The code itself for that function is all mysterious looking to me. The only and only other place where that function is called is wp_hash which is apparently the hashing function here. It uses another functionhash_hmac which is a built-in PHP function related to cryptography.

I found that trying to retrieve the password in plain text is gonna be extremely unlikely, specially seeing that I don't even have the hashed password. What I can do instead is hijack a session of the admin user.

Sessions are based on cookies. Cookies are small tokens (so many tokens everywhere) which the server sends to the client's browser. The browser stores it and sends it back to the server along with every further request. The server detects it and knows that this request comes from the guy who owns a particular session. Sessions have bags of data associated to them, stored on the server. Usually if a session cookie is matched, the application assumes you are logged in. I assumed wordpress does that too.

So if I can somehow get the cookie associated to a valid session for the admin user, I can get access to the admin account itself! Woooh, really cool realizations here!

The same file contains another magic function whose name suggested that it created these cookies:wp_generate_auth_cookie. So apparently it takes a user_id, expiration time for the session, and a scheme which I don't know what it refers to. But anyways, lets see how it generates the cookie and what it does with it.

Annotating the code for that function with comments and removing useless bits, we get...

$user = get_userdata($user_id); // get user data from the database, likely
$pass_frag = substr($user->user_pass, 8, 4); // get 4 characters from the hashed password from the 8th offset
$key = wp_hash($user->user_login . $pass_frag . '|' . $expiration, $scheme); // use that magic hashing function to generate a key
$hash = hash_hmac('md5', $user->user_login . '|' . $expiration, $key); // do something with the key again to get another key like thingy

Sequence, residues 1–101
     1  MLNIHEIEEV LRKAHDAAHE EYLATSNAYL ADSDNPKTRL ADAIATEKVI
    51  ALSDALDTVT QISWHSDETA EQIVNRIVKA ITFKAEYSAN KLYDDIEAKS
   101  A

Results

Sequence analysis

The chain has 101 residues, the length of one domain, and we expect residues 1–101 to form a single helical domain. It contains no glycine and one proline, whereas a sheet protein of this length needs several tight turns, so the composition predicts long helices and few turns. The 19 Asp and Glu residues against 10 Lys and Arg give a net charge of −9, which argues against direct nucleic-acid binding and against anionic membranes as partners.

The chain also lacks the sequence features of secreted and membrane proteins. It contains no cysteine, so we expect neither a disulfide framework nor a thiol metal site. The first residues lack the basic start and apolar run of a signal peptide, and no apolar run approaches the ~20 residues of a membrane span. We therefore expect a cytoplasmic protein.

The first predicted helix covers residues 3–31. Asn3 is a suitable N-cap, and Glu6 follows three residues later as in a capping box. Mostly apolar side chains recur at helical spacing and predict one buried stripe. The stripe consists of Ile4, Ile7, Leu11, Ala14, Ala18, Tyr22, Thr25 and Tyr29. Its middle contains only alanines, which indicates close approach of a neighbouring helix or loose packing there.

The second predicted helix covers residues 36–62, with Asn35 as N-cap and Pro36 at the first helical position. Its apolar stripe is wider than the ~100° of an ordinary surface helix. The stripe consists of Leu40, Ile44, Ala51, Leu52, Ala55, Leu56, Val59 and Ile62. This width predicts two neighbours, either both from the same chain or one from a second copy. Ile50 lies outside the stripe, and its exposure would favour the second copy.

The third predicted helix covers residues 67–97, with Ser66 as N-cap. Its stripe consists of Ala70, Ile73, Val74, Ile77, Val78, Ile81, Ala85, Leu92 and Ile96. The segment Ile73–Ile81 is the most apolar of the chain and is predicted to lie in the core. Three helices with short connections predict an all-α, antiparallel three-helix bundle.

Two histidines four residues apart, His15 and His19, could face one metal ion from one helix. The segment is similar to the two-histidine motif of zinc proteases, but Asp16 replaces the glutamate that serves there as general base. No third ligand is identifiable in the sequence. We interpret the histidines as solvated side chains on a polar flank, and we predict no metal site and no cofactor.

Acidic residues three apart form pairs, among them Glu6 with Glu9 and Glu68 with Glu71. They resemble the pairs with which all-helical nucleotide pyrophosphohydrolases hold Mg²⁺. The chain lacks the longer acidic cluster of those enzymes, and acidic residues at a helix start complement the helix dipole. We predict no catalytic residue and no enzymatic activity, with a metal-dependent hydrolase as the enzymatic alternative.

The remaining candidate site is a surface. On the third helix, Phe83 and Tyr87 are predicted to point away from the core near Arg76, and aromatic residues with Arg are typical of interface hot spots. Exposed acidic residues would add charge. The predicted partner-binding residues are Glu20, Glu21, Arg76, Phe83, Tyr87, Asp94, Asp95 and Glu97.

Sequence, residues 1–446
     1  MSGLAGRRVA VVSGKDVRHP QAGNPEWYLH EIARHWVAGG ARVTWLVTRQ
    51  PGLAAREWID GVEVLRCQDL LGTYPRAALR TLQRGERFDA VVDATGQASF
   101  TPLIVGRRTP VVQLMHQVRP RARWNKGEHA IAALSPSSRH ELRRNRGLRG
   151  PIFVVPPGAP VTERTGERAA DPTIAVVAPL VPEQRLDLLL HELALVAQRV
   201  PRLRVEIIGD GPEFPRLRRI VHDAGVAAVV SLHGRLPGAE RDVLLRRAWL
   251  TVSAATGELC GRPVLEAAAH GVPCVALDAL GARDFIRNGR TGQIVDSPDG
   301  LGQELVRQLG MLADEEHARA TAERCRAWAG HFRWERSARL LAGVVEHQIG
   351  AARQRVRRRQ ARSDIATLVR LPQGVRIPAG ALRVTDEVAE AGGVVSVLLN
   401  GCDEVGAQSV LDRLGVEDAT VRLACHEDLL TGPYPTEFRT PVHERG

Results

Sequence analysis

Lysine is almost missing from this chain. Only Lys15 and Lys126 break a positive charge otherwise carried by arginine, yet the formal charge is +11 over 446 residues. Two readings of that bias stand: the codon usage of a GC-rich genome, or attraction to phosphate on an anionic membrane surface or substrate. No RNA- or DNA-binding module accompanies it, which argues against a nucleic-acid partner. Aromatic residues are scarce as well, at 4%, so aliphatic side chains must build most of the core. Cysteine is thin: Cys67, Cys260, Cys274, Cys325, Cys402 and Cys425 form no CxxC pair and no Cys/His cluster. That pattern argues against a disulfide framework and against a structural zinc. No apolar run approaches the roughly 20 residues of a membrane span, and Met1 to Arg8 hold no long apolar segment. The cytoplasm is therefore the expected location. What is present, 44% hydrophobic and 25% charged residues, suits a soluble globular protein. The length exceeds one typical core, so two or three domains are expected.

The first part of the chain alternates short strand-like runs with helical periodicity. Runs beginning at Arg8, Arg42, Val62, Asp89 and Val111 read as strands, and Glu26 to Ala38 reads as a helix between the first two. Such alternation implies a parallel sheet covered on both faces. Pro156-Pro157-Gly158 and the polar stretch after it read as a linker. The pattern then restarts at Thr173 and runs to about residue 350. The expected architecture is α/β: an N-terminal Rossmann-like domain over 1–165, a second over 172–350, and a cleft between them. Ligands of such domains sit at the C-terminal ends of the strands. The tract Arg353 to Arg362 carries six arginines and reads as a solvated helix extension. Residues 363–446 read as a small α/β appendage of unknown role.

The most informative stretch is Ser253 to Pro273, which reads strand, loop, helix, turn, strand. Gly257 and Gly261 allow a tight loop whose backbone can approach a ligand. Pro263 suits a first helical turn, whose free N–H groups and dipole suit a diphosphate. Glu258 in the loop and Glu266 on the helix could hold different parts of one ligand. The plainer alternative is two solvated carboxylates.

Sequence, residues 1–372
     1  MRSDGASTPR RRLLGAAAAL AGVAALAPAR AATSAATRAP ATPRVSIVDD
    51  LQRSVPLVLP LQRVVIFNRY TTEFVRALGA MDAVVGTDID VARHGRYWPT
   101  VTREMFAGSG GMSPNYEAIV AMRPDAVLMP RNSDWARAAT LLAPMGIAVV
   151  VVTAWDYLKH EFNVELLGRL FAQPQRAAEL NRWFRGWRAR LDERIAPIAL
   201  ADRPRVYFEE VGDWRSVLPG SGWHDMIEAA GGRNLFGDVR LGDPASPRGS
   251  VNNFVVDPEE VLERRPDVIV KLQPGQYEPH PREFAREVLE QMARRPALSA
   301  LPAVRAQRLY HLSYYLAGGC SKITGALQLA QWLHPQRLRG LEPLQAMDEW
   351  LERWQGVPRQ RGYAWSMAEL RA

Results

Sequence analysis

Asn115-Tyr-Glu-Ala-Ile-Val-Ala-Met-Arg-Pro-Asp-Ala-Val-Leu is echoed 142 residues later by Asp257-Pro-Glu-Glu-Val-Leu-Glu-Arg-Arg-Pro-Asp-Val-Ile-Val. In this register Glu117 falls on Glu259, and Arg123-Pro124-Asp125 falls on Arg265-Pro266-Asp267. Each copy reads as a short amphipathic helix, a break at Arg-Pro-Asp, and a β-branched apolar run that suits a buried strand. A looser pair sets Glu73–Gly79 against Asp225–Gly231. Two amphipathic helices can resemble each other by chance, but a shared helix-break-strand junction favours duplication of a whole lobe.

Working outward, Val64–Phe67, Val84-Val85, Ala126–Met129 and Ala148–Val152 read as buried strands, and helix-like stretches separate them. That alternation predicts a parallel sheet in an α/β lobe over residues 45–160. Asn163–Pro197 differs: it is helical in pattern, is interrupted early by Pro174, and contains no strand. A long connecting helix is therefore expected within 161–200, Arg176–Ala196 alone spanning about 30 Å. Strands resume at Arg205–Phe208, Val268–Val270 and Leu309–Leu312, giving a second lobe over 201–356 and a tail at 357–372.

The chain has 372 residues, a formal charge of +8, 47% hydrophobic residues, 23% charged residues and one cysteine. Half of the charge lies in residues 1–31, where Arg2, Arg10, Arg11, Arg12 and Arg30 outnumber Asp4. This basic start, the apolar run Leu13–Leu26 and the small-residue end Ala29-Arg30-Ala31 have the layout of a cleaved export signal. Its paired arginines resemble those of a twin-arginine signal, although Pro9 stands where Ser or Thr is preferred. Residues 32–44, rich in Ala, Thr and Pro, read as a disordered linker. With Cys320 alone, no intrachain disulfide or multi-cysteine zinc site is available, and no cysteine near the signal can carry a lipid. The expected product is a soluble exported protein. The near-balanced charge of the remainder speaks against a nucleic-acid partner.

$cookie = $user->user_login . '|' . $expiration . '|' . $hash; // concatenate username, expiration time and the key like thingy to get the cookie

return apply_filters( 'auth_cookie', $cookie, $user_id, $expiration, $scheme ); // apply some filters to this and return the filtered value

so... we need 4 characters from the hashed value of user's password, an expiration time, and the username first. I found that there were no filters attached for 'auth_cookie', so we can ignore the last line. It just returns the $cookie variable as is. The username seems to be the common one called "admin" which I got by hit and trial on mycollegesite/wp-login.php which tells you if a username exists or not by simply attempting a login.

wp_hash relies of wp_salt, and wp_salt relies on the tokens we got. So if can understand what all these functions do and if we give them all the data we have and also somehow get the 4 characters from the hashed password, we can get our cookie! Closer than ever, we are!

But how will the server know if the cookie we generated is a legit one or not? How does it know if someone generated that cookie manually or it was issued by the server? It must store them somewhere to check back later, right? Actually... it doesn't. The same file pluggable.php has the functionwp_validate_auth_cookie which does no such checks. It simply checks if the format of the cookie value is valid or not by checking against those tokens and the 4 characters from the hashed user's password.

In some technical terms, Wordpress uses stateless authentication tokens. It relies on the secrecy of the tokens stored in wp-config.php which got leaked. So we can fool the server easily.

So before trying to get those magic 4 characters by guessing, I decided to understand the magic functionswp_salt and hash_hmac. I tried and understood some stuff, but not everything. I realized that since they are deterministic functions, instead of understanding their source, I can just run those functions on my local machine and use their output!

I copied that file in its entirety, started removing the useless part, and changed some references so I can run it on my machine. I gave it those tokens I got from wp-config.php and a random timestamp and random 4 characters, and tried validating the output of wp_generate_auth_cookie against wp_validate_auth_cookie.